Car manufacturers often use their involvement in Formula 1 as a testbed for the most advanced aerodynamics and powertrain technologies, that will one day make its way into our regular cars. With Alfa Romeo now back in the sport as a commercial partner to Sauber F1, the Italian sportscar maker now has access to some of the world’s best minds for the development of their cars – and what better minds are there other than the drivers themselves?
Alfa Romeo Orlen F1 drivers, Kimi Raikkonen and Antonio Giovinazzi recently made their way down to the Balocco Proving Ground – where all Alfa Romeo sports cars have undergone development and testing since the 1960s – for the latest test session of the upcoming Giulia GTA and GTAm.
It’s not just a courtesy visit to the historic “Autodelta” workshop either; the F1 drivers both got behind the wheel of the cars and were tasked to provide professional feedback, working closely with the engineers to fine tune the aerodynamic and handling performance of the cars.
F1 World Champion Kimi Raikkonen focused on the aerodynamics appendages of the new high-performance models, specifically the large manually-adjustable rear wings and adjustable front splitters on the Giulia GTAm, and how they work in conjunction with the underbody fairings. After a full day of testing, Kimi concluded: “I find them a perfect mix of everyday use and track use.”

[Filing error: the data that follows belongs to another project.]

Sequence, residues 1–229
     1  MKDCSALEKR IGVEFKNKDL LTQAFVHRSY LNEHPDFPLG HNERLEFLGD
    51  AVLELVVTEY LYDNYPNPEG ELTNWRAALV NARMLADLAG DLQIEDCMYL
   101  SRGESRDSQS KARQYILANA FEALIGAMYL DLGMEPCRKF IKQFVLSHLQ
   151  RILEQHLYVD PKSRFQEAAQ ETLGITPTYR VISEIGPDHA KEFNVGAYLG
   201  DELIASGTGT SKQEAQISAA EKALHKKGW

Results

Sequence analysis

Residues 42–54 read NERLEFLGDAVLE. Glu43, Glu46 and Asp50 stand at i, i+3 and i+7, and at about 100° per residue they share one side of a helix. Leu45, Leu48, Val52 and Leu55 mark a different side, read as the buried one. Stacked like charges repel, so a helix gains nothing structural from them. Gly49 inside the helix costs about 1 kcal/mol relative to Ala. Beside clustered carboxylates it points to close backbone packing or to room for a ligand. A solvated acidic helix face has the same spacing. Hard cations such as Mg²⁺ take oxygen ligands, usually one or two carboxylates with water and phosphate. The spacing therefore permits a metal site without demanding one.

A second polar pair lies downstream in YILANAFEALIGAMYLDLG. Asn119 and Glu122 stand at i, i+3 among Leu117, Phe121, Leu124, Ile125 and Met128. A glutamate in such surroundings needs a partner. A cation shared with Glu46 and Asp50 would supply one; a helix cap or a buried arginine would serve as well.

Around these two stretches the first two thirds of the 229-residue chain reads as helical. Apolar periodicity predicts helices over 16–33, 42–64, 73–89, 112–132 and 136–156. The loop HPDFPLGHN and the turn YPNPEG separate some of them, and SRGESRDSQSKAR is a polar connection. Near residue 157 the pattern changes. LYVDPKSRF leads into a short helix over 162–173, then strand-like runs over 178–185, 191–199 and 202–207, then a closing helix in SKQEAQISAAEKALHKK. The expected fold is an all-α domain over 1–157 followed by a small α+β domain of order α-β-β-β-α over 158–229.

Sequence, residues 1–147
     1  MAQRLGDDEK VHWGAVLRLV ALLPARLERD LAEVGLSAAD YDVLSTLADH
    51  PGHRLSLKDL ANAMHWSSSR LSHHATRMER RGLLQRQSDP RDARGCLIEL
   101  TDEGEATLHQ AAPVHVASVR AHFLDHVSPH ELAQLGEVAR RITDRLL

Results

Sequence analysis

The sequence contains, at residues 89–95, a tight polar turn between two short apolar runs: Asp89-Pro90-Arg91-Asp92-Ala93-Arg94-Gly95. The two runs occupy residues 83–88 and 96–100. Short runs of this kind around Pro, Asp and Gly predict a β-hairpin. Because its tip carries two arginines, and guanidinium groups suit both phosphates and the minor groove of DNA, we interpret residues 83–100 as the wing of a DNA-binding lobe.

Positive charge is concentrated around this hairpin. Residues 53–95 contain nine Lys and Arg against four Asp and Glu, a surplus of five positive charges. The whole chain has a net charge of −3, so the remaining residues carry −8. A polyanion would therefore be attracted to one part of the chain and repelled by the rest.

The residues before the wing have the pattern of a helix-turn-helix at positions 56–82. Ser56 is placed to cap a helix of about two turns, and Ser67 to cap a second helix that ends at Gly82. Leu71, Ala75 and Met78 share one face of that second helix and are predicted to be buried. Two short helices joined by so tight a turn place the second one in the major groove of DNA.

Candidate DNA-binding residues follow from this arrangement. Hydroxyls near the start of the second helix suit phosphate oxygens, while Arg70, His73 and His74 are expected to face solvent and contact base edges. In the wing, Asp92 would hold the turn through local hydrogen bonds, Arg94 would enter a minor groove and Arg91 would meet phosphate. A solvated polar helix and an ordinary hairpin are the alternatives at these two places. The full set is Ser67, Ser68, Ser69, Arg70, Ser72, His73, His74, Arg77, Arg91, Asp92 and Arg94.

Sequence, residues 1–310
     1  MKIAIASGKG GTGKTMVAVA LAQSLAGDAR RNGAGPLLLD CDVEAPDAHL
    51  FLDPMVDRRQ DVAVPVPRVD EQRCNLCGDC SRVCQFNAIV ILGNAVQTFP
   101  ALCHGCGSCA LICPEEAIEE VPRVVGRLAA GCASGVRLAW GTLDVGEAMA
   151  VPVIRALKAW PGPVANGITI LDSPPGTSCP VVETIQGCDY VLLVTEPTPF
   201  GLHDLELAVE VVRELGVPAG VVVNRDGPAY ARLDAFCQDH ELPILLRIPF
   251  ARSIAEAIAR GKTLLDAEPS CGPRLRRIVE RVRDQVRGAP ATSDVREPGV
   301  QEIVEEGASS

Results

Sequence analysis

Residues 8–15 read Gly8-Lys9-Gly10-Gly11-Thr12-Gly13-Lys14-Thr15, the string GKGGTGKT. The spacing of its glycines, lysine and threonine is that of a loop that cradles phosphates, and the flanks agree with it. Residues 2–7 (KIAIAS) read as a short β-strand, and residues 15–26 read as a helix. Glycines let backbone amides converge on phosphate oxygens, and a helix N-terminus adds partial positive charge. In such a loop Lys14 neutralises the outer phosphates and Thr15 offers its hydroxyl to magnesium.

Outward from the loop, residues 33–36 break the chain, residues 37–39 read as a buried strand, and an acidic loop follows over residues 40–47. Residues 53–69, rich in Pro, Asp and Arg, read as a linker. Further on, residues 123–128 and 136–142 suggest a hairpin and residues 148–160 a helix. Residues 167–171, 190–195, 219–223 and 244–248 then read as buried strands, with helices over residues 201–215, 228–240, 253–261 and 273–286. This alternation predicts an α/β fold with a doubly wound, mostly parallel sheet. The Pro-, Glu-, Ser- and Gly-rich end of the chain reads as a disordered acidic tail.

Antonio Giovinazzi meanwhile worked on the the cars’ overall setup, with extra attention to the new carbon fibre components and the new single-nut hubs on the wheels. “It is great to see the improvements we made to the cars today,” Giovinazzi said at the end of the test day.
Aside from enlisting the help of its F1 drivers in tuning the cars, Alfa Romeo also benefitted from Sauber Engineering’s expertise in carbon fibre. The Swiss company produced most of the carbon fibre components in the GTA and GTAm, especially those with an aerodynamic impact. These include the new front bumper, the side skirts, the diffuser, the GTA spoiler and the GTAm aero-wing.
As one of the few teams with their own wind tunnels, the Italian sportscar maker was also able to use it to hone in the development of the overall aerodynamic performance of the cars – not just the appendages, but also the underbody fairings and diffusers. The result? Alfa Romeo says that the Giulia GTAm has a lift coefficient that’s double that of the GTA, and three times as much as the regular Giulia Quadrifoglio.